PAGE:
(In 2008, I accompanied the Messenger to Iran. This is part 1 of my recollection of that important journey. Part 2)
Heat rose like steam off the streets of Tehran. Every few blocks we came upon a new river: six lanes moving fast and no street lights to slow the rushing cars. It was 5pm and a city of 8.5 million was eager to get home.
Darlene and I were on a day’s walk through this vast city, trying to find our feet so that we could better accompany the Messenger. He was arriving that night on a plane from Frankfurt.
It would be a three week journey in Iran, taking us from Tehran to Mashad, near the Afghan border; from Shiraz to Yazd, one of the last centers of Zoroastrianism; then on to Esfahan and Qom, the center of Shiia Islam; finally returning to Tehran.
A yellow sun beat down between the high buildings and combined with the car fumes to create a sepia glow. Like in Manhattan, Tehran’s avenues are long and straight. But today we couldn’t see far into the ochre haze which seemed to consume everything on the horizon.
We stood at the gates of Tehran University. This campus has been at the epicenter of nearly every Iranian freedom movement to arise in recent years. As a result, it’s shut to foreigners by law.
But the guard was far too sweet for the law. I told him we were from the United States and that we just wanted to see the campus. With furtive looks and a smile of pure satisfaction he pushed aside the road block and showed us onto the main pedestrian thoroughfare which runs down the campus.
Along the way, we met a group of medical students gathered on the steps of the School of Dentistry. A young guy asked where we were from. “Uniteeed States, alright!” he said with great energy and a big nod. “That is so great. Welcome to Tehran.”
Their friendliness and desire to connect was palpable, as it was with so many others we would meet in the days ahead.
Yet right after his emphatic welcome, the call to prayer sounded at the University mosque nearby. A discomfort entered the air and some of the medical students turned away and began talking about other things. The young man continued to look at us with a warm smile, along with another another girl in the group. Yet for some reason, a moment later we were on our own again, walking south.
We passed the campus gates and stood outside. The fervor of the streets seemed even greater; taxis fought for lane-space and an aged city bus dumped its fumes and sounds on us at gunned forward to make a light.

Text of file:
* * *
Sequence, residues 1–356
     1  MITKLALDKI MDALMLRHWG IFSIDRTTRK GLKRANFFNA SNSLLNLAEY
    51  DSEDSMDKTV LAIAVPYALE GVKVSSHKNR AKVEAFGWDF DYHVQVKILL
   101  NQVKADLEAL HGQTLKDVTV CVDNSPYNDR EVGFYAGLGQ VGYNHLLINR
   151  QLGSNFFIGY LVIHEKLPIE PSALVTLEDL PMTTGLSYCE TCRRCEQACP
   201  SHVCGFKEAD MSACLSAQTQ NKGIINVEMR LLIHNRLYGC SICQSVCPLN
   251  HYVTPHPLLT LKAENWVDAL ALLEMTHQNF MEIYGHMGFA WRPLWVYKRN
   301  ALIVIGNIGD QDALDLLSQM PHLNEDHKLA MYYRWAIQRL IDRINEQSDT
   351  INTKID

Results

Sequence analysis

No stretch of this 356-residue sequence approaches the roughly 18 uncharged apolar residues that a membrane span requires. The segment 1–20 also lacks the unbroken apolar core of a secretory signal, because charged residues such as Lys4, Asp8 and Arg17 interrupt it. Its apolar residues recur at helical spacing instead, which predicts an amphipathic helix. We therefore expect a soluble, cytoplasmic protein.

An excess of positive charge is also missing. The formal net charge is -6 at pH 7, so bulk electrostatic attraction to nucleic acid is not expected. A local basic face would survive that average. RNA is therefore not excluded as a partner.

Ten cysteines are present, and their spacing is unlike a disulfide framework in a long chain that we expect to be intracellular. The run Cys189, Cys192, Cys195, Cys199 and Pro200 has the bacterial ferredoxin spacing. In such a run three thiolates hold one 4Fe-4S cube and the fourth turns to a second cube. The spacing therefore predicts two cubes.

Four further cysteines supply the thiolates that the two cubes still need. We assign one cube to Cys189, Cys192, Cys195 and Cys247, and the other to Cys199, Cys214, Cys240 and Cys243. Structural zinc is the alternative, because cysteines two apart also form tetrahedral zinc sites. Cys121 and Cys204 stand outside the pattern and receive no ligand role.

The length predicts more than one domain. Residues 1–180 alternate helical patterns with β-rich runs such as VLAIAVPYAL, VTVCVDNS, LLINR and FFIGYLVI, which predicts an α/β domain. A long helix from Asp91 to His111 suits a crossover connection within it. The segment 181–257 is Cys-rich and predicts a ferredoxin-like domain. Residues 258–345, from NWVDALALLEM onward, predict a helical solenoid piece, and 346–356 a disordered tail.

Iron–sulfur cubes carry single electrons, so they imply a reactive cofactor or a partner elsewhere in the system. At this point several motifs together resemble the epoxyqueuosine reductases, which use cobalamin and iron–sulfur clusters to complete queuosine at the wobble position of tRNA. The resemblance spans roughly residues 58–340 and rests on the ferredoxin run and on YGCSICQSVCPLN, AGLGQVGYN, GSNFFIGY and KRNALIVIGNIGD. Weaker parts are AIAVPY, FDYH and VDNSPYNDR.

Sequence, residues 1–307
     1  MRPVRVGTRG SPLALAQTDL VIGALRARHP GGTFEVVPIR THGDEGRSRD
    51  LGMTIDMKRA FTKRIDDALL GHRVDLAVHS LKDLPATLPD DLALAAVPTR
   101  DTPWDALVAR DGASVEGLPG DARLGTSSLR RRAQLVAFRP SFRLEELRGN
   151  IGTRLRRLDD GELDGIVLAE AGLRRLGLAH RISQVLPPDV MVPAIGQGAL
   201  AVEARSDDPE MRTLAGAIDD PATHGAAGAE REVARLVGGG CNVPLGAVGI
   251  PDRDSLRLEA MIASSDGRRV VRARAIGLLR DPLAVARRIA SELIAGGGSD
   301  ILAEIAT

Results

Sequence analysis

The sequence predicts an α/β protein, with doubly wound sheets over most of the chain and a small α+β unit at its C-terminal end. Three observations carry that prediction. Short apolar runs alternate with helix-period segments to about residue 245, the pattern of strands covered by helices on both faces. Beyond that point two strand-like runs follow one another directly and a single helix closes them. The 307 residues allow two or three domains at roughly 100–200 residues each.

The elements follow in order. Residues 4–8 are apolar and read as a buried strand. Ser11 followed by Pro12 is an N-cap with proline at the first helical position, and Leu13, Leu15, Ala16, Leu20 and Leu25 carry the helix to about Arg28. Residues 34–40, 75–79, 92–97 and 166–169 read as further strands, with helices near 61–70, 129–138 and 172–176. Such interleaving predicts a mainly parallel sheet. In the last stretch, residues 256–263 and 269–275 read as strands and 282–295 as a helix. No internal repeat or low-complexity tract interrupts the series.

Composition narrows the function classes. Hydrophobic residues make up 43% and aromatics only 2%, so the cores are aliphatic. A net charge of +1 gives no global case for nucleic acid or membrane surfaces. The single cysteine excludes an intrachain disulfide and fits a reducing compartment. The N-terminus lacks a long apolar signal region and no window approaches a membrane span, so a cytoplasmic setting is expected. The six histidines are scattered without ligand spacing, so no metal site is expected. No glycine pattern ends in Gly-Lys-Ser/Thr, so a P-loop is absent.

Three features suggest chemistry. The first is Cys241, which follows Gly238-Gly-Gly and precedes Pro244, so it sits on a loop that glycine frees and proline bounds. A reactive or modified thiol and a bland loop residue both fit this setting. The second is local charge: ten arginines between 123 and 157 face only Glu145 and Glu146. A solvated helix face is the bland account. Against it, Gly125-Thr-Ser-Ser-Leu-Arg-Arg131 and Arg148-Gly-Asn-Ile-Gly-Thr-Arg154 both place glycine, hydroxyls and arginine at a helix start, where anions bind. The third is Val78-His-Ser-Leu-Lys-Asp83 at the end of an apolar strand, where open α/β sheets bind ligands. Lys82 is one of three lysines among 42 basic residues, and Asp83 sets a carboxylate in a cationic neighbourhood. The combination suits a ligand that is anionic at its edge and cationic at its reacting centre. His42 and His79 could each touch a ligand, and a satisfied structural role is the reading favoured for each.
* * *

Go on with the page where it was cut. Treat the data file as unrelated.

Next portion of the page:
By now, the sun was sinking into a red horizon, red beyond belief. 30 minutes later, we were watching it from our hotel window 10 floors up. A beautiful sight, but grim. The sun setting on miles of humanity forced to live beneath a poison sky.
It stirred in me a feeling of the future. Today, this is Tehran. But some day, it will be Earth; oceans dying, farm land drying up; broken governments and cities crowded beyond capacity; the world’s resources being depleted for survival.
I thought of Marshall, who was then somewhere high above the Black Sea coast. Soon the Messenger will be here, I thought; with these people, in this city. He brings with him the wisdom of the Creator and a New Message from God for humanity.
“Soon the Messenger will be here.” What a remarkable thing. Soon the Creator will be able to speak to all humanity under this red sky, alongside these millions of people, in a city ringed by deserts and dry mountains, facing an uncertain future.
After all, this is why we came: for the Messenger to be with these people and to receive in Iran a series of revelations from God.
Several hours later, I stood alone in the lobby of our hotel. A black car pulled up and with a wave I stepped outside.
My driver took me through the southern slums of the city. Orange and green lights illuminated the empty streets. Alleys winded in a thousand directions leading into dense neighborhoods; so many families packed into a single room, another night leading to another day when the sun rises hot over Tehran and the grinding press of daily life continues.
At the edge of the city all lights flickered out. The road became a highway, fully lit by hundreds of lamps in tight succession. We were the only car on it; like a lone particle traveling down a light tunnel surrounded by total dark.
I remembered this darkness from several days ago. Even as my plane neared the ground everything was dark – not a single light, except for one lone highway, brightly lit, snaking for miles like a canopy boardwalk above a deep unknown.
The Messenger Marshall Vian Summers was now seeing the same. Soon he would join me and take this lone highway back into the city of Tehran.